The phrase “spur more construction” is DC code for “looting taxpayers’ wallets and spending them on housing.” Making a dent in the supply of owner-occupied homes and apartments would require a plot money – certainly in excess of $200 billion – and quickly. These advocates point out (correctly) that if one could snap one’s fingers and create a substantial increase in the supply of houses and rental units, housing inflation would come down. But such a program would be a wild ride.
When the Fed raises rates, mortgage rates go up, the demand for mortgages and houses goes down, and the construction of houses and apartments goes down. But above all, the impacts do not stop there. When fewer units of all types are built, no furnaces are installed, no refrigerators are installed, no carpeting is laid, no furniture is purchased and, in general, demand is slowed in l whole economy. This is an element of reducing inflation to two-thirds of the CPI which is not a shelter.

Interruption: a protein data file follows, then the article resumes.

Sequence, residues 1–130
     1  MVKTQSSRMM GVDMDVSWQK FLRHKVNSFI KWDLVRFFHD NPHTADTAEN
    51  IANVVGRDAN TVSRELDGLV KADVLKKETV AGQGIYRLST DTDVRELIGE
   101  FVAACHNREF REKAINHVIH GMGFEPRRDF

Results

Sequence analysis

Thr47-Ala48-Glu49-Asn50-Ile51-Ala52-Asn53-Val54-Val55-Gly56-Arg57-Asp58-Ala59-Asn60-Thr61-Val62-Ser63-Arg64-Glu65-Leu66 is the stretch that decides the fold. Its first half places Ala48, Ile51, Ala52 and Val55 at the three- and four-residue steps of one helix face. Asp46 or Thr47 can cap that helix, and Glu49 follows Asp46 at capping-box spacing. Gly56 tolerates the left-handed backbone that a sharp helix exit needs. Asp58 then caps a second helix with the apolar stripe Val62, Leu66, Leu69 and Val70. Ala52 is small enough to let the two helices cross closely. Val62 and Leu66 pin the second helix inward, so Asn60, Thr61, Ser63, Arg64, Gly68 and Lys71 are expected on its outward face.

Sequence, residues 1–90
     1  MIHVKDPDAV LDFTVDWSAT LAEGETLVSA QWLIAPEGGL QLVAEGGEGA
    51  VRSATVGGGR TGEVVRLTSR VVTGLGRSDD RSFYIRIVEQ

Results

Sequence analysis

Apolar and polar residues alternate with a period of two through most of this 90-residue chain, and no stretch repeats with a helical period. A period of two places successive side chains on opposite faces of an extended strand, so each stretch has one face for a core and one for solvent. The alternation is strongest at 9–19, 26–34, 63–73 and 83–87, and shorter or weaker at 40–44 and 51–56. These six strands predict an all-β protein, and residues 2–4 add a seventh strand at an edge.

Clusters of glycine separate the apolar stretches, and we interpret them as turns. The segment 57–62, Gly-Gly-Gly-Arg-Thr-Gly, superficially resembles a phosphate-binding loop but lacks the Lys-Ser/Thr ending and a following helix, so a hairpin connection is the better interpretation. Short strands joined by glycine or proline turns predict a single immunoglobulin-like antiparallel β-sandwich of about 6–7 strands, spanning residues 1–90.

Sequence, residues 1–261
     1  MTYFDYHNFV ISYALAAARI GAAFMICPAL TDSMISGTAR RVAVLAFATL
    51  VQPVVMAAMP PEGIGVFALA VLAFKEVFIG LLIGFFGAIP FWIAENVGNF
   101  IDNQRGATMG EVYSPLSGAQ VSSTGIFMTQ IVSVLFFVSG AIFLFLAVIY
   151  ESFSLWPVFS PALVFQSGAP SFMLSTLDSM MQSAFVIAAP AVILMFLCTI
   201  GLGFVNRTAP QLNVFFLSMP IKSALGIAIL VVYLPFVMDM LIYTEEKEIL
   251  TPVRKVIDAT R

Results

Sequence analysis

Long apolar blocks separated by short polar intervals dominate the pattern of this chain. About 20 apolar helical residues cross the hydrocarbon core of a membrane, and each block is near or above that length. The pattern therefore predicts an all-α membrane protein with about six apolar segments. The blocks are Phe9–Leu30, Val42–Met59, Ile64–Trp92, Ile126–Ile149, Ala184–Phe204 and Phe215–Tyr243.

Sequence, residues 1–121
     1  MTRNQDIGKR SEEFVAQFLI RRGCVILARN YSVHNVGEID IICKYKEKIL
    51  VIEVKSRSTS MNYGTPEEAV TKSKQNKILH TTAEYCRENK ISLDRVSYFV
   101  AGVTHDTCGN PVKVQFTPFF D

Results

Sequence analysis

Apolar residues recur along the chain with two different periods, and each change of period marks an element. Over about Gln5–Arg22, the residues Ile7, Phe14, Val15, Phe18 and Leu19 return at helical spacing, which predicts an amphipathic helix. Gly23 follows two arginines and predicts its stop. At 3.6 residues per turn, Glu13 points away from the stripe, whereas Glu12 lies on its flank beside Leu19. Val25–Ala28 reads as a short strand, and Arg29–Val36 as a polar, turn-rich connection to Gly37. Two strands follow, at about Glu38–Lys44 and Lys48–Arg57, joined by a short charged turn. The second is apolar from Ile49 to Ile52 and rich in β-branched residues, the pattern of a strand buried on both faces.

Housing advocates essentially argue for reversing that or worse by stimulating housing construction and stimulating demand across the economy. Even if housing inflation were to magically disappear, inflation elsewhere in the CPI must fall to 3% to meet the inflation target. The Fed will not be able to tolerate this significant spillover demand stimulus. It will be forced to raise rates further to offset the housing program and reduce both housing and non-housing inflation.
The strategy proposed by housing advocates will do nothing but slow down and make the Fed’s fight against inflation more painful. Admittedly, none of these analyzes is good news. But it’s a reminder that once inflation is baked into the economy, there are no easy right choices. Either live with inflation or accept the consequences of the measures necessary to combat inflation.